Mary Beth Writes

I went for a walk on Wednesday and saw this mitten on a sidewalk. When I was at the same spot on Friday, it was still there, so I brought it home because it is a hand-knitted kid mitten, ya know? Any knitters out there interested in making it a mate, so that we could give it to a kid in my community or your? It's 7" from top to ribbed bottom. 

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The point of “Mindful Chickens” is to spend less money while being mindful of the environment and our human values. We can try, right?

Probably most of what I write about how to live frugally and thoughtfully in the holiday season/winter months is old hat to most of you. Specifically, an old knitted hat given to you years ago or purchased on sale somewhere. You still wear it; it still keeps your ears warm.

But here we go.

1. Len and I put plastic over the lovely dining room windows in this 1922 house. Even with the flapper era storm windows, there’s enough breeze to puff the sheer curtains. Plus, the view is a classic urban non-scape– driveway, fence, the neighbor’s windows.

I’ve been winterizing leaky windows for decades and I bet many of you have, too. Modern kits are way more convenient than they used to be. This year there is a top tape that one just applies to the top of the window, then one pulls down the thoughtfully folded plastic and presses it into the vertical tapes.

I remember doing this job with masking tape and drycleaner bags. In case you want to try this free and ugly technique; collect a half dozen bags from your friends who actually utilize a drycleaners. Tape flattened bags along the sides of the window, then crumple more bags and stuff in from the top and bottom. Obviously, this blocks the view and looks like hell, but it kept my kid’s bedroom toasty warm. I put a flowery curtain over it, she didn’t mind. She now lives in a home with modern windows so I suppose the experience taught her how to set meaningful life goals.  

We buy kits in late winter when they go on sale.

But tell me this, pals. Why do we have to PAY for these kits? Why are they not available free?

Because we have been educated to assume that practices and materials to address climate catastrophe are up to individuals. If a family can’t afford $35 to purchase them, then too bad for them.

2. I read 'Mountains Beyond Mountains' by Tracy Kidder. It’s a biography of Paul Farmer, one of the three people who started Partners in Health, a worldwide organization with a powerful mission to bring excellent health care the world’s poorest people. I read the book in three days; it was never boring or tedious.

It reminded me of how poor the poor really are. I respect his “preferential option for the poor.” I highly recommend it and I now plan to read some books actually written by Farmer.

Partners in Health

3. It’s been ten years now, but I was a weekend guest of a MayaWorks weaving family in the highlands of Guatemala. https://www.mayaworks.org/.

One evening the teenage/young adult sons came home from a Sunday spent with friends in town. It was a 10-mile bike ride (up and down hills) for the three sons to get back on two bikes; someone was riding fender. They were hungry but dinner (soup and tortillas) was already over. Masa for the next day’s tortillas was still mush in a covered cooking pot. There was one bag of stale bread hanging from a nail on the wall. The mother gave each son the equivalent of a hotdog bun. That was that.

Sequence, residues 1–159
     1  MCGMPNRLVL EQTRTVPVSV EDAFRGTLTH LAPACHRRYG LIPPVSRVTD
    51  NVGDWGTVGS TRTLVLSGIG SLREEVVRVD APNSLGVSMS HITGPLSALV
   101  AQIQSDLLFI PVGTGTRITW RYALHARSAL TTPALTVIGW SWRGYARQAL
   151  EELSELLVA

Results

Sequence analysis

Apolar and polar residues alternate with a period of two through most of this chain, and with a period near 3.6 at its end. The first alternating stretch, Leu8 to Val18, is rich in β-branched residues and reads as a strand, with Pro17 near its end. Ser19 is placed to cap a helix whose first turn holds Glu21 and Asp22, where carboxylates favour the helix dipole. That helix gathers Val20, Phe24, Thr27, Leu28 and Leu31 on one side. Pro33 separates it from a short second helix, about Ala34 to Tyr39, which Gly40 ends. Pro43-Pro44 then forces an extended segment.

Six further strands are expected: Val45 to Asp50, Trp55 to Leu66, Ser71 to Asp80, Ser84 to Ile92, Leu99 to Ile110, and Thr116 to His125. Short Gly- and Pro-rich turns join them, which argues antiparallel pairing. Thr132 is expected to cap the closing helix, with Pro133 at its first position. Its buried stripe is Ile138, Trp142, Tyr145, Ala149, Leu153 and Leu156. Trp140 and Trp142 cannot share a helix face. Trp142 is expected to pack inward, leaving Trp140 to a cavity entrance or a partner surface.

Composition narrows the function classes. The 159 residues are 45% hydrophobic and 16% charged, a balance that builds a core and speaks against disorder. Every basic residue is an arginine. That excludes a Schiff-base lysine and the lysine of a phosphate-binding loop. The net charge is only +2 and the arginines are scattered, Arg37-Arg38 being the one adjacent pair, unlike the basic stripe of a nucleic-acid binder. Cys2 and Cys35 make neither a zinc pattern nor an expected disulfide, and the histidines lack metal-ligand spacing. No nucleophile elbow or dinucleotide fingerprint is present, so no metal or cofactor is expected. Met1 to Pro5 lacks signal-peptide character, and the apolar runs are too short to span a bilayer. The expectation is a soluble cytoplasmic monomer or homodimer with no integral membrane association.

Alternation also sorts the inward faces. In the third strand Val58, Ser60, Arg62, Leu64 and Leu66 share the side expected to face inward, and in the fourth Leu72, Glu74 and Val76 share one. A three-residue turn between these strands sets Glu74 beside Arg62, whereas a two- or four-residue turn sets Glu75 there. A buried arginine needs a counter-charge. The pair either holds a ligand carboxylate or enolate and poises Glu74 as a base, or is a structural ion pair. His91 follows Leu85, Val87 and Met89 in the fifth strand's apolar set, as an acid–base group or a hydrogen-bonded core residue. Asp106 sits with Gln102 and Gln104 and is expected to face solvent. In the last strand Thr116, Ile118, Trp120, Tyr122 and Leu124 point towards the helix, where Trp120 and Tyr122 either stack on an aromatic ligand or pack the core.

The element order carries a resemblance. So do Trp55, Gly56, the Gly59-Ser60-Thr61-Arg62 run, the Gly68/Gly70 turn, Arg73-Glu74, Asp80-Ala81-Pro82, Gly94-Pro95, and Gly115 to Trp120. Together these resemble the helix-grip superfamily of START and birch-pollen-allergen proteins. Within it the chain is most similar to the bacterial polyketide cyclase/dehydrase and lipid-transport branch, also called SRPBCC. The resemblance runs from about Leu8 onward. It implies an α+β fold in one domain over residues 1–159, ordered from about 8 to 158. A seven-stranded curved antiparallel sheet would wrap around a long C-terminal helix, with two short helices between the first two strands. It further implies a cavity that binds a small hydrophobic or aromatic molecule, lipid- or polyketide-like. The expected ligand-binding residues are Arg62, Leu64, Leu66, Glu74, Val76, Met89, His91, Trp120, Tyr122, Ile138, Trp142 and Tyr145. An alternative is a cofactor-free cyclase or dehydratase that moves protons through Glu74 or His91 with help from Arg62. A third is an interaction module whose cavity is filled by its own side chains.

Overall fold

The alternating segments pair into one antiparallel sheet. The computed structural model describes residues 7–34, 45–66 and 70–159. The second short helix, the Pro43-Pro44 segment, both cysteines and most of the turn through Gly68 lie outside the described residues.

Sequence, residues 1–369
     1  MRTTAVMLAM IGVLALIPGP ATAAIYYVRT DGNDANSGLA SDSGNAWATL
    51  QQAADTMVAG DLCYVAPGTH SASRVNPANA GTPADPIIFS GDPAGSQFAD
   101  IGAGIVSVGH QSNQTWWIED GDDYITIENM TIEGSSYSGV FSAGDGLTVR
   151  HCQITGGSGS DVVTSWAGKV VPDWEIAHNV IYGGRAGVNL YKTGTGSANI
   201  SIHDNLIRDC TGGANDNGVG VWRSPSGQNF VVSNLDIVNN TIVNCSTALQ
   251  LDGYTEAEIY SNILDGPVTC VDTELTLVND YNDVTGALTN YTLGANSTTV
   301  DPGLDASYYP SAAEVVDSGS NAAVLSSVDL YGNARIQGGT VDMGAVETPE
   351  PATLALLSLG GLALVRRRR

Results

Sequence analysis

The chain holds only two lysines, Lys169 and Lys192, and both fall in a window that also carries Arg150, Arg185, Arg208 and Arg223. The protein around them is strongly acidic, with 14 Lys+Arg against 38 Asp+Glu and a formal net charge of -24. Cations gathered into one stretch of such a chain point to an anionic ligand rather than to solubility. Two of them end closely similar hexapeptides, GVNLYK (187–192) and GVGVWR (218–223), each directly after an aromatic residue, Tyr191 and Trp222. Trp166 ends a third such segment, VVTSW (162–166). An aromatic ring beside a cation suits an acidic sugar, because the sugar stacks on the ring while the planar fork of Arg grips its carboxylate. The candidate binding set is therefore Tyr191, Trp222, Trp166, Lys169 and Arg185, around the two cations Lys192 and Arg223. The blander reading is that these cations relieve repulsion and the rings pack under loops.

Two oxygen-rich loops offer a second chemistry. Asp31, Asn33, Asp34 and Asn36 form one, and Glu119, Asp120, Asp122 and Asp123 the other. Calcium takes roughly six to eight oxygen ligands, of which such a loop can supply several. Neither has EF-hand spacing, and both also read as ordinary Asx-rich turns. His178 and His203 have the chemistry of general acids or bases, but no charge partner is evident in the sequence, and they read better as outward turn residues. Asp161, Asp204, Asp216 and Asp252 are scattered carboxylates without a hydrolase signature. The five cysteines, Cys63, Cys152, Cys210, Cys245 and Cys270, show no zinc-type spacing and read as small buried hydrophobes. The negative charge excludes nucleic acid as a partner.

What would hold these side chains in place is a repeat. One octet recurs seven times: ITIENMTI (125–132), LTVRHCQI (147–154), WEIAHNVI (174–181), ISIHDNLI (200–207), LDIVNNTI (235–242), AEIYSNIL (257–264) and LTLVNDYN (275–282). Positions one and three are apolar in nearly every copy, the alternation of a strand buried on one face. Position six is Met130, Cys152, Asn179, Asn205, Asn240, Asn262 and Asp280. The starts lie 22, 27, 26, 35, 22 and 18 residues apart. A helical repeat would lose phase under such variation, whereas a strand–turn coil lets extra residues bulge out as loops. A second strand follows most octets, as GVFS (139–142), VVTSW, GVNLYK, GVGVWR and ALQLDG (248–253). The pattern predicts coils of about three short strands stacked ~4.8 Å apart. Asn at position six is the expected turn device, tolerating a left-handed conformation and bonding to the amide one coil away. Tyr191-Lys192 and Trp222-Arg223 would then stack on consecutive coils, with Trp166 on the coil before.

No one complained. When there isn’t any more, there isn’t any more.

Guatemala is one of the poorest nations in the western Hemisphere. The US and Canada are the richest and most of us have never hit “there is no more.”

Yet, this. US unemployment in February was 3.5%. Now it’s 6.9%.

Strategies and practices to stretch our money seem kinda weird when measured against people in our communities who are hitting the “there is no more” wall.

I’m not going to tell you as to what to do, just reminding us that it is crazy to watch people be hungry right in front of you.

Hunger is blasphemous.

4. I wrapped our presents in the brown kraft paper and white bakery bags I bought last year. The paper can be recycled and even if it isn’t, it doesn’t add toxic ink to landfills. Although, to be completely honest here – I’m on my second year of paper printed with cavorting animals wearing winter hats. I figure that by the time the 4-year-old realizes she’s seen this paper before I will have bought a new roll of (on-sale) kid paper.

5. Len noticed that his fav shopping emporium had our coffee on sale for $4 less than we pay at the grocery store, so he made an on-line Farm & Fleet order for a couple fishing lures and four bags of coffee. This saved us $16 and if this doesn’t sound like a Wisconsin moment, you don’t know Wisconsin.

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What are you doing to be thrifty and generous?

Seriously, what specific organizations do you donate time, energy, goods, and money to? If you have suggestions for the rest of us, let us know.

 

 

 

Comments